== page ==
The survey, which was performed by Qualtrics®, used an online panel of 4000 women in six countries across the world in April 2013.
Some have dubbed these new findings, rather unkindly, as the Digital Dumping Syndrome, or as more evidence that women’s hearts’ are hardening as they reach for their mobile phone to cancel a date or tell their partner that their relationship has hit the rocks and can’t be rescued.
What’s interesting is that while the general perception may be that women are considered to be more emotionally sensitive than men and ergo more likely to discuss relationship issues face-to-face. Contrary to that general perception, AVG’s survey, which questioned women in the UK, US, Canada, France, Germany and Brazil, found that this may no longer be the case. And based on what the survey suggests, technology is actually playing a bigger part in personal relationships and how women manage them.
On the onset of a relationship, we found that more than a third of women use social media to research a date in advance. At the end of a relationship, when it comes to splitting up, more than half of the women surveyed said they either had already broken off a relationship using their phone or were comfortable delivering the news that way.
While it is not surprising that women are relying on social media to research potential suitors, it is surprising that according to the panel, almost 35 per cent use social media to check out dates ahead of time.
The flip side is that for men looking for love shaping up your digital profile clearly matters and this is so for a broader age range than one might think.
The proportion of 18-24 year-old women using social media to research a date is 44 per cent, but this falls by just over 10% to exactly a third of 45-54 year-olds, who said they’d do the same.
Digging deeper into the survey data reveals that US women are the most prolific users of social media to screen suitors, with almost half (47 per cent) researching a date online before going out with them.
Across all surveyed countries and age ranges, women were most interested in a potential partner’s Facebook® photos, followed by any shared Facebook friends, and then their profile and comments.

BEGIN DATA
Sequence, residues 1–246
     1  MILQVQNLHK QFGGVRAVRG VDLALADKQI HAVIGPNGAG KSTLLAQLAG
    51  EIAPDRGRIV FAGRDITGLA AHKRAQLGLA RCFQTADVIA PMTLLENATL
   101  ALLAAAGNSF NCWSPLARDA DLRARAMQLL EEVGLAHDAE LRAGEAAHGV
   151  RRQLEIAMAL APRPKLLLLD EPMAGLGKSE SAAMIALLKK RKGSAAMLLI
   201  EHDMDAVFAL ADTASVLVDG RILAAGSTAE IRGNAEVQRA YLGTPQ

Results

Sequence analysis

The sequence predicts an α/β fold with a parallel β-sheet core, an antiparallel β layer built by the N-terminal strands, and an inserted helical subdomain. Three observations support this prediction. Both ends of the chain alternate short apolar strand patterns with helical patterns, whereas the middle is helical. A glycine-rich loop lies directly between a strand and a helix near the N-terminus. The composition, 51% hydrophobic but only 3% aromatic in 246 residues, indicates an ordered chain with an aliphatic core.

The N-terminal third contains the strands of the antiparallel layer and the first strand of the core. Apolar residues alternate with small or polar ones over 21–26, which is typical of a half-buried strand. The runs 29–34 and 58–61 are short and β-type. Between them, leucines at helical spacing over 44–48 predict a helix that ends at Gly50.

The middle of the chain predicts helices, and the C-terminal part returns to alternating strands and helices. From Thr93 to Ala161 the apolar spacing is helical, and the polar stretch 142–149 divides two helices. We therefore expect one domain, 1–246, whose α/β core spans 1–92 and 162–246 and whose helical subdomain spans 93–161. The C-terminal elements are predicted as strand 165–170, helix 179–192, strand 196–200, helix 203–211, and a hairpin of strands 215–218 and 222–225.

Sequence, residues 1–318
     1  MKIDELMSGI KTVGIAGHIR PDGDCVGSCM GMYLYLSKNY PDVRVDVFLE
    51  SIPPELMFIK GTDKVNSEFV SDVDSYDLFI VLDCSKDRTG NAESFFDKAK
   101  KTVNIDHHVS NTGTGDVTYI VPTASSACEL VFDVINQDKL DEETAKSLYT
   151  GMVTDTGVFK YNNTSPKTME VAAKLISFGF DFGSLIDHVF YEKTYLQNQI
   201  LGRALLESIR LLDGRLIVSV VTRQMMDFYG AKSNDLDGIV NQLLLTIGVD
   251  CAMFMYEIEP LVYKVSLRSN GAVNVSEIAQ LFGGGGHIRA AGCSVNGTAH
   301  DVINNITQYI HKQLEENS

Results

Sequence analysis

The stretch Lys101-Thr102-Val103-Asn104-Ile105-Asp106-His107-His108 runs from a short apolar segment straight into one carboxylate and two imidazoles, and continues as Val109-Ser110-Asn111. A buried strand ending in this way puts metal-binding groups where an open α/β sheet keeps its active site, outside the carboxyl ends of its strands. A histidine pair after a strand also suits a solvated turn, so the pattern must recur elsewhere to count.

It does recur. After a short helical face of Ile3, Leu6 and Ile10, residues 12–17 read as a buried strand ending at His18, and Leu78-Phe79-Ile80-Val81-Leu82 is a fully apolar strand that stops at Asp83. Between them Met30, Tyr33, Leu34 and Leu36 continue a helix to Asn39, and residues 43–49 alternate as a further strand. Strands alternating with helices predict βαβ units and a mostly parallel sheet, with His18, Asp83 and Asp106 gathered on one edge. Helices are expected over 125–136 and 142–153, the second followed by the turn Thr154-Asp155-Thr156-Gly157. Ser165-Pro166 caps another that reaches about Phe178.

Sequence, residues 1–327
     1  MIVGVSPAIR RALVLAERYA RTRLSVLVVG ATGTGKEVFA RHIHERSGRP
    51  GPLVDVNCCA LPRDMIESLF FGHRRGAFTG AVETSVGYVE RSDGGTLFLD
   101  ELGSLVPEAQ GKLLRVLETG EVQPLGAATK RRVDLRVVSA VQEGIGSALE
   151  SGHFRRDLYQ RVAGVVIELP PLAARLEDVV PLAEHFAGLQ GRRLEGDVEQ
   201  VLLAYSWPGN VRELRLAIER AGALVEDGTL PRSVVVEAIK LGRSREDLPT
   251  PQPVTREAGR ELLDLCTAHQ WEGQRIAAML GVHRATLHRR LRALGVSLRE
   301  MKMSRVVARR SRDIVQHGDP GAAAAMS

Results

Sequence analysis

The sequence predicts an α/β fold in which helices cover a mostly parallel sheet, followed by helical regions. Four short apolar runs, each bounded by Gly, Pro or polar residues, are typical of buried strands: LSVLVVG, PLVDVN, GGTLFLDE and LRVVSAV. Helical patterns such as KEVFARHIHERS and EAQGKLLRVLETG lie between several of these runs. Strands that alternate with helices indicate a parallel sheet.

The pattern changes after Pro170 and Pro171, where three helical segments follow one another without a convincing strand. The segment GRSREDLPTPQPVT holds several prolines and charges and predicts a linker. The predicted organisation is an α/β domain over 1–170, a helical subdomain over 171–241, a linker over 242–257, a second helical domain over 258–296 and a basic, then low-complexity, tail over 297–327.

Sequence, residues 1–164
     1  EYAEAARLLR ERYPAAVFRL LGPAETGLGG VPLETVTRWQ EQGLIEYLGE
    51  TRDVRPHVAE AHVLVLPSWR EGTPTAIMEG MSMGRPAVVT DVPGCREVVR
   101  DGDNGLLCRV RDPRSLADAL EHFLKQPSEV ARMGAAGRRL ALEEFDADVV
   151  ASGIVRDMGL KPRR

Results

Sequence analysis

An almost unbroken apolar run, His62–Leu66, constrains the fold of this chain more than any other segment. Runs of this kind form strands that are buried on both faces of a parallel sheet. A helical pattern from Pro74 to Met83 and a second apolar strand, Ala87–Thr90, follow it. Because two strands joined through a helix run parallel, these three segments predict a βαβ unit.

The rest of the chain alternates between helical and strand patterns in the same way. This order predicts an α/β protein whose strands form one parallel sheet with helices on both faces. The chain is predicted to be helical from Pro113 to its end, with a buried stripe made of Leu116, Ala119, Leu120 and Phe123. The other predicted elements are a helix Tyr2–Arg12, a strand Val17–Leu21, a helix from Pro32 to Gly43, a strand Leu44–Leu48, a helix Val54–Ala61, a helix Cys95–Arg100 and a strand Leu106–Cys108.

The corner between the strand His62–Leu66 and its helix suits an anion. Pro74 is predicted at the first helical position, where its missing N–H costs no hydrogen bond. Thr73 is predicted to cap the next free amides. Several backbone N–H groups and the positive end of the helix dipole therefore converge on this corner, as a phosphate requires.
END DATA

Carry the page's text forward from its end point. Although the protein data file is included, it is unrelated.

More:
Interestingly, while more than 16 per cent of US women would also inspect a date’s Twitter® history, only 3 per cent of French women would do so.
And if the women surveyed didn’t like what they saw? Well, a roughly a third (35%) of women have cancelled a date based on what they said they found online. Brazilian women appear to be the most ready to pre-empt a dating disaster with a 61 per cent of respondents saying they have cancelled a date up front due to what they found doing social research.
As mentioned at the start, women aren’t just using technology to check out their dates, they are also using it to end relationships when they’re ready to move on.
Globally, more than half (53 per cent) of those surveyed have either already called time on a relationship via the phone (25 per cent) or said they would do so (28 per cent).
The “you’re outta here” phone call is most popular among 18-34 year-olds (61 per cent), but a still-substantial 45 per cent of 45-54 year-old respondents would also use the phone to break upa relationship with US women the most likely to dump their partner over the phone (62 per cent).
Perhaps more shocking is the proportion of women prepared to digitally dump their partner. We found that over a quarter of women surveyed either have already ended a relationship via a text message (15 per cent) or say they would do so (13 per cent). The combined figures for breaking up via email were 23 per cent, followed by Facebook at 14 per cent.
Young women aged 18-24 are the most likely demographic to use an SMS to initiate a split (38 per cent), with fewer, but still nearly a fifth, prepared to turn to Facebook to do the deed (19 per cent).
The French are less likely to use Facebook to do the deed with only 12 per cent of them being prepared to end a relationship using Facebook, however more than half (53 per cent) would be happy to give you the hook over the phone.
Sex vs. Tech
French women appear from our panel results would seem to be more conservative when it comes to digital snooping , with only 18 per cent of them saying they would look at messages on their partner’s smartphone or tablet, and just 16 per cent would allow their partner to look at their own messages.
The hot-hearted Amazonian women of Brazil are the most prolific snoopers of all surveyed nationalities, with 54 per cent of them admitting to reading messages on their partner’s devices and 53 per cent of their partners reciprocating.
Our digital dating lives
What’s clear is that technology is playing a more significant role in today’s relationships, and that women are using social media and mobile innovations to better manage their love lives and to embolden their decision-making.
It’s not all bad news for men though…clearly the message from the panel is that getting your digital profile in shape is nearly as important as getting your body in shape, and it’s probably an easier task than the hours spent at the gym working on that six-pack.
For all information on AVG’s latest survey go to avgclick.me/splitup
May 23, 2013